Many foreign workers with temporary visas to the U.S. want to obtain U.S. green cards so that they may live and work in the U.S. permanently. One of the most common ways that foreign workers obtain green cards is by having their U.S. employer file an immigrant petition (Form I-140) on their behalf.
A variety of different types of employment-based green cards are available under U.S. immigration law. Most of them, however, require that a major procedural step be undertaken before the worker can actually apply: The U.S. employer must complete a process called "labor certification" (PERM).
During the PERM process, the U.S. employer advertises for the foreign worker’s proposed position to ensure that there are no qualified U.S. workers available for the job. The PERM process culminates with the employer filing the ETA Form 9089 electronically with the Department of Labor ("DOL"). The DOL reviews the ETA Form 9089 to confirm that the employer placed the correct advertisements and that no qualified U.S. workers applied for the job opportunity.
The PERM process is very employer-based -- meaning that the prospective employee (and beneficiary of the PERM application) does not have many responsibilities in connection with the application. In fact, U.S. law prohibits the beneficiary from participating in the majority of the PERM process. This article explains what the beneficiary can and cannot do in connection with a PERM application.
Per U.S. law, the beneficiary is prohibited from participating in the advertisement process for the PERM application. Typically, U.S. employers post multiple advertisements for the job opportunity in local and national newspapers, on the employers’ own website, and on job search websites.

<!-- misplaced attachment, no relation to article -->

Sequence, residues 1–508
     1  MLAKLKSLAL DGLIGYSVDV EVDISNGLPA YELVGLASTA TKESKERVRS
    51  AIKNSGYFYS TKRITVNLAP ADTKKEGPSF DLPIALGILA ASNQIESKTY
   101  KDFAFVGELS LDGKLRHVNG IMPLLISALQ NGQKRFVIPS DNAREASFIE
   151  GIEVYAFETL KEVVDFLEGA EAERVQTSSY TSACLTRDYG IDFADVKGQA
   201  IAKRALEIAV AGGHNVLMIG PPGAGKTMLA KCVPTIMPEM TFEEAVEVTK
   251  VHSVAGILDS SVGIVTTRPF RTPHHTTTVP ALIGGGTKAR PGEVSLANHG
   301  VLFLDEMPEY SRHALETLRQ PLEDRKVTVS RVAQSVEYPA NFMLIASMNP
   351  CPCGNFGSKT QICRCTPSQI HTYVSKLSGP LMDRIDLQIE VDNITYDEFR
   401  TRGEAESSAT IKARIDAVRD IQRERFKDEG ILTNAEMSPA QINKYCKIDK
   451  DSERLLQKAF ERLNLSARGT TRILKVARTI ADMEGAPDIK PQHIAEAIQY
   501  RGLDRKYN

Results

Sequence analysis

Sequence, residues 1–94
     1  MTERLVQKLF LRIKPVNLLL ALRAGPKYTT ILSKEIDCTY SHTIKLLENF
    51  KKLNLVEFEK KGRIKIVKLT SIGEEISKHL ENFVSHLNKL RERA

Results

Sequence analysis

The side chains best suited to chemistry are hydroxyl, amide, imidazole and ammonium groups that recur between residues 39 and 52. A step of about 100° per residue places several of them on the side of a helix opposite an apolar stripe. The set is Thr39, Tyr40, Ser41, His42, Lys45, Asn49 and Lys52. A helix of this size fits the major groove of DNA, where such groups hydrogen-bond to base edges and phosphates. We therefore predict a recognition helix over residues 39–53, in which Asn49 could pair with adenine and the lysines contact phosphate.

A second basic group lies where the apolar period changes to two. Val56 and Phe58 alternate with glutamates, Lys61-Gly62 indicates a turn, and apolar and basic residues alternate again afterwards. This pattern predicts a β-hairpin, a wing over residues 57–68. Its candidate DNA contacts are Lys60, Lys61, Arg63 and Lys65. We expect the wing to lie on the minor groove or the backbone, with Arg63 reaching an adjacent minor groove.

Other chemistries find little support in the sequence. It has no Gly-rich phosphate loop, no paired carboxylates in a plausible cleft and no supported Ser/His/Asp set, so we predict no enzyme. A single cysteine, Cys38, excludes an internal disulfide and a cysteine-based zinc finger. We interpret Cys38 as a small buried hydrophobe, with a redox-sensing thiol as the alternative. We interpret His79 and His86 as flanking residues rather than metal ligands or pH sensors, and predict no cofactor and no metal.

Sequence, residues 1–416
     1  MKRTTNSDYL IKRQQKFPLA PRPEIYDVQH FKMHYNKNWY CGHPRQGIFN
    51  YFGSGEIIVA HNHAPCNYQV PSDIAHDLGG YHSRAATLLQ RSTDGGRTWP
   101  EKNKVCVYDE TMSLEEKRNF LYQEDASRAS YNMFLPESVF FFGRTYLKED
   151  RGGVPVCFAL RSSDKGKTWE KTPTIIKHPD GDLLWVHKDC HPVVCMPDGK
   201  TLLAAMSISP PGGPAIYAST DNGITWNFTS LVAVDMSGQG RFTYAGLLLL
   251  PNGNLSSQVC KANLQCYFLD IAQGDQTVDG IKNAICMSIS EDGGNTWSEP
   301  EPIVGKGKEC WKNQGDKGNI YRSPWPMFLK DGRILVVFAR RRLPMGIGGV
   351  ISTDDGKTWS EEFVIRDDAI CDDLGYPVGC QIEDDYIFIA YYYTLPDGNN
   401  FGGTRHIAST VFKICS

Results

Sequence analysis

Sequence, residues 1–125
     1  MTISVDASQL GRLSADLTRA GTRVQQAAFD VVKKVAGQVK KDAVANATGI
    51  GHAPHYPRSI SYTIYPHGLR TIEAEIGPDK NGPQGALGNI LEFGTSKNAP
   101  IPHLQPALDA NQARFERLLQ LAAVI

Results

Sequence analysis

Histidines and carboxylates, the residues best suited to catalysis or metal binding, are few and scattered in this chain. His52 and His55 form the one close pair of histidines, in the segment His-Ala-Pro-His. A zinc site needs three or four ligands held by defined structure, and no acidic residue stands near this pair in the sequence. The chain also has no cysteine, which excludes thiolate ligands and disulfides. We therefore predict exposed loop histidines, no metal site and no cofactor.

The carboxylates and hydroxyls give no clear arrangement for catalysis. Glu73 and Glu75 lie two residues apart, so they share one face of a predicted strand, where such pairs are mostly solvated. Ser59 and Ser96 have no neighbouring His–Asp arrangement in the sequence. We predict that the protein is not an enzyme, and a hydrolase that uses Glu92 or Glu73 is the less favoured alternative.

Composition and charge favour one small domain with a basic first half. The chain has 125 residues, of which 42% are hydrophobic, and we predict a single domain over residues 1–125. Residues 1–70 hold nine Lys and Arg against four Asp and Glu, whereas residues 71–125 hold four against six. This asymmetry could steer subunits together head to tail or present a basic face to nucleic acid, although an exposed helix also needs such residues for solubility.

As the beneficiary, you cannot play any role in placing any of the advertisements. For example, let’s say that your employer is placing an advertisement in The New York Times newspaper. Because you are the beneficiary, you cannot draft the advertisement or contact The New York Times for information on how to place the advertisement.
Additionally, U.S. law prohibits the beneficiary of a PERM application from paying for (or reimbursing the employer for) any part of the application, including but not limited to attorney fees and the costs of the advertisements. If the DOL discovers that the beneficiary has paid for any of the PERM costs, the DOL can impose heavy fines and other penalties against the employer. The DOL will also deny the PERM application in this situation.
While it may seem that the beneficiary is not included in any part of the PERM process, that is not strictly true. The beneficiary can participate in the process passively, by providing the employer (and immigration attorney) with information such as the beneficiary’s employment and education credentials, job-related skills, etc. This information assists the employer and immigration attorney with devising the PERM strategy that is most likely to lead to an approval. Typically, the employer also asks the beneficiary to provide copies of educational degrees, transcripts, work experience verification letters, and other evidence to confirm that the beneficiary possesses the appropriate qualifications for the job opportunity.
Nothing in the U.S. law prohibits the beneficiary from participating in the PERM process in this fashion. In fact, it is a good practice for the beneficiary and employer to discuss the beneficiary’s qualifications at great length to ensure the process is successful.